“I know what these are!” C crowed, as she grabbed a handful and shook them under M’s nose. “These are tampoons!”
“I know they’re tampoons!” M said.
“Tampons.” I corrected, trying to corral the sanitary napkins with my foot while continuously blowing dry M’s hair. “They’re called tampons. Those other things are called pads.”
“What are they used for?” asked C as she began replacing the items in the pouch.
“Grown up lady business.” I said.
“Grown up lady business, in the bathroom!” amended M.
“Yes, but what kind of grown up lady business?” C pressed. And just like that, I found myself in the middle of a teachable moment with my girls. What should I do? Should I gloss over the purpose of pads and tampons? Should I just tell them never mind; I’ll tell you when you’re older? Should I just tell the truth as plainly as possible? How old was I when I had this conversation with my mom? Could I get her on the phone and have her explain it to them? Tick tock, tick tock.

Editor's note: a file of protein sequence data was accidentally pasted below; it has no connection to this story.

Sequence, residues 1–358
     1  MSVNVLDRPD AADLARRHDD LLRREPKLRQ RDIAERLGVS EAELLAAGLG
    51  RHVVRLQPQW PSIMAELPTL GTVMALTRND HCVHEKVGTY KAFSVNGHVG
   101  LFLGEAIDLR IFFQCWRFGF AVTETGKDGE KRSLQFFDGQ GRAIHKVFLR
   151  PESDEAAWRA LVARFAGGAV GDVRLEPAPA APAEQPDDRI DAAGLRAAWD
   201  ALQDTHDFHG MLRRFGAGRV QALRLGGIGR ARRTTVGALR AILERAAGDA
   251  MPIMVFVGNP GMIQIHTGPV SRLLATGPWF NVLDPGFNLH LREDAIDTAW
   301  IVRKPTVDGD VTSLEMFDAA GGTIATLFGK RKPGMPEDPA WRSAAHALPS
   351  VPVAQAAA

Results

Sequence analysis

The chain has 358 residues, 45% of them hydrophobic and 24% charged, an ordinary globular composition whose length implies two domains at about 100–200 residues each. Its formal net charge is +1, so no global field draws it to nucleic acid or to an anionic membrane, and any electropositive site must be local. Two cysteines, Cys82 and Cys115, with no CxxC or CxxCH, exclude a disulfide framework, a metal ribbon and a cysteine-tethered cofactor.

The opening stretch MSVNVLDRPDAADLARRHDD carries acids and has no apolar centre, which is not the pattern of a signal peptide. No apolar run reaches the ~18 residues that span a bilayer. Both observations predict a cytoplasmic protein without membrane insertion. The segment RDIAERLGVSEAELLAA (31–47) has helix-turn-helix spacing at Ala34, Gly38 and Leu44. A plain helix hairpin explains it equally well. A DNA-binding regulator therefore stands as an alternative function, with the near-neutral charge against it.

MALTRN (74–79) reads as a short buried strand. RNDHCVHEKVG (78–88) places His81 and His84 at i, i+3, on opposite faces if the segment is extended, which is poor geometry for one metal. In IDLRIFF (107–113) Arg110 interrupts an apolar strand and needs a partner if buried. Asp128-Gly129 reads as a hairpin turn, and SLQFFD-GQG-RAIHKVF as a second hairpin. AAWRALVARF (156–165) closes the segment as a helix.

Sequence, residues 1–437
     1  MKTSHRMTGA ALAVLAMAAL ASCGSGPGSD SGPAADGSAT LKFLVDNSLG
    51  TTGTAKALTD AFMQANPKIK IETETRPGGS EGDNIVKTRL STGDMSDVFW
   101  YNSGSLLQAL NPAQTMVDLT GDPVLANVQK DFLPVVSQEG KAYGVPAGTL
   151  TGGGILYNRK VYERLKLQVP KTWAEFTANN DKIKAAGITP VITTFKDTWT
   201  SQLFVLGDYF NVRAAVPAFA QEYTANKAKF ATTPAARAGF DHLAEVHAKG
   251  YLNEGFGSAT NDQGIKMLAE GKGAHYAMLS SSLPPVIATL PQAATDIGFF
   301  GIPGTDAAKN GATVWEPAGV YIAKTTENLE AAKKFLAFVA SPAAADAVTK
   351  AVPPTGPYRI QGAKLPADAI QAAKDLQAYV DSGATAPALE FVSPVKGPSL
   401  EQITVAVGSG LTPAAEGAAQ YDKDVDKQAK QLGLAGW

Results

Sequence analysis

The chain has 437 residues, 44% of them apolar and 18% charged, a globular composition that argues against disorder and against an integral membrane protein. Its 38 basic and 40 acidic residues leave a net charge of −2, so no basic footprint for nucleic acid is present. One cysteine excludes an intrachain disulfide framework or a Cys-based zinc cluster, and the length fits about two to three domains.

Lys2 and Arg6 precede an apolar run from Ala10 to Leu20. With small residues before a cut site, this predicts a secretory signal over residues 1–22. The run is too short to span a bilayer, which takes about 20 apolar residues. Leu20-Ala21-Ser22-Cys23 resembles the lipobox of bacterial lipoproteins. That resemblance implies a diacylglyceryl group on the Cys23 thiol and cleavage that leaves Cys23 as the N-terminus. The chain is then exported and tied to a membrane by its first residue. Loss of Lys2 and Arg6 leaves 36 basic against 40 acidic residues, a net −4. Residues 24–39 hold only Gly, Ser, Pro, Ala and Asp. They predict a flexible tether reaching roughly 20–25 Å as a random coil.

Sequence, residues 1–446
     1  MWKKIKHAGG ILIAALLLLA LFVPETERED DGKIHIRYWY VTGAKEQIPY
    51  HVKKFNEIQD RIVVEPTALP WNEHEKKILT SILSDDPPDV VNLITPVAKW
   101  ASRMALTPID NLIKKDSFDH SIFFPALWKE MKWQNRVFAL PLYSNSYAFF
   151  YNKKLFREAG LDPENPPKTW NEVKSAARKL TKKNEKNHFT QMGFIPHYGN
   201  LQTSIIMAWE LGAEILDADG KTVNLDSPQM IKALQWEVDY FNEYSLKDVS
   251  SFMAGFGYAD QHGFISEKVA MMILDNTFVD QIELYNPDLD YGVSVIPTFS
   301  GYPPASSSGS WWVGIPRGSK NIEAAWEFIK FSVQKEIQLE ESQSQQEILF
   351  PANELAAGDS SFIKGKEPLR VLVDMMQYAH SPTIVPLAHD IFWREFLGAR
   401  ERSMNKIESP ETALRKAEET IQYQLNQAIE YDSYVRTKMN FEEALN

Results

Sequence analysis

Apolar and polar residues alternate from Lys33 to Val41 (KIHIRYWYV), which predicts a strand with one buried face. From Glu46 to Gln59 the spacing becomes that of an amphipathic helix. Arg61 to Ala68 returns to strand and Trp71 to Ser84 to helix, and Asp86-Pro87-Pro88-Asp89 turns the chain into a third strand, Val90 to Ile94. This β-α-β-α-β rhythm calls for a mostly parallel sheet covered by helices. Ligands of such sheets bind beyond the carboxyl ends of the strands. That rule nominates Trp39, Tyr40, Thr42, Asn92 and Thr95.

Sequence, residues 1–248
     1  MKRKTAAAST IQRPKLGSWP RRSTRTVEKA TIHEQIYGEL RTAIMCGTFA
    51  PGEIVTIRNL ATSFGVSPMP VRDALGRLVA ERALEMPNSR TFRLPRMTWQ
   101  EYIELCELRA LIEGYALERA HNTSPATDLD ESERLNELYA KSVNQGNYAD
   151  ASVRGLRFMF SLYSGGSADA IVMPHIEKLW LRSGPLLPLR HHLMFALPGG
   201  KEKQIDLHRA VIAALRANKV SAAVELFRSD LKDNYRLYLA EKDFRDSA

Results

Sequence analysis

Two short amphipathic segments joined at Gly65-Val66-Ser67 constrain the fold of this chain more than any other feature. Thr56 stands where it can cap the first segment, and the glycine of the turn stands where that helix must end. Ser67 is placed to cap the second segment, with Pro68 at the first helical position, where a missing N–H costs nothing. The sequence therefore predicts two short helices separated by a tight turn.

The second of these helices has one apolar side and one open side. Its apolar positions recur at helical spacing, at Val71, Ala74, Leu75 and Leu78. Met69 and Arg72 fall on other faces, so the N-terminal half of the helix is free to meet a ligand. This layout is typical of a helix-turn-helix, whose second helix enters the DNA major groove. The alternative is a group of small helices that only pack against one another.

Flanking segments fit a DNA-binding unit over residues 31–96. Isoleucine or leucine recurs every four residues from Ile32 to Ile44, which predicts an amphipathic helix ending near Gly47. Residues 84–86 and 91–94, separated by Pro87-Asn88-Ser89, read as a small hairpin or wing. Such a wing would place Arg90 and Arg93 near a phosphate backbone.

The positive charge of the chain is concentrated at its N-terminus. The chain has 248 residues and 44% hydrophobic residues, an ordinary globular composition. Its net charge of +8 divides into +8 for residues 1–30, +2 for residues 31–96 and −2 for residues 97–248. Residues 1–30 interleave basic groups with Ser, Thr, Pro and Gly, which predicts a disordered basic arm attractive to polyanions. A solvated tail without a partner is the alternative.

“Okay,” I said, setting down my hair tools. “Here’s the deal. What I’m going to tell you is our private business. That means, you keep it to yourself and you don’t need to share it with your friends. I’m sure their moms will tell them what they need to know when they ask, so this is just for us.” And then I launched into a brief anatomy lesson. In truth, part of it was a review, because they had had some questions about V’s arrival several years ago. This time, aided by M’s artists pad, I sketched out the female reproductive system. I likened the thickening of the uterus to the feathering of a nest. I explained how the uterus is constantly preparing itself in the event a baby shows up (I did gloss over that part), and how if no baby shows up, the uterus then cleans itself by shedding the nest and starting again. M was “Mmhmm-ing” and “Oh, I see-ing” while C was listening with furrowed brow. I plunged ahead, explaining that the pads were what collected the “old nest” and how you used and disposed of them, the whole time peppering the conversation with “But this doesn’t apply to you right now!” and “This won’t happen to you for a few more years!”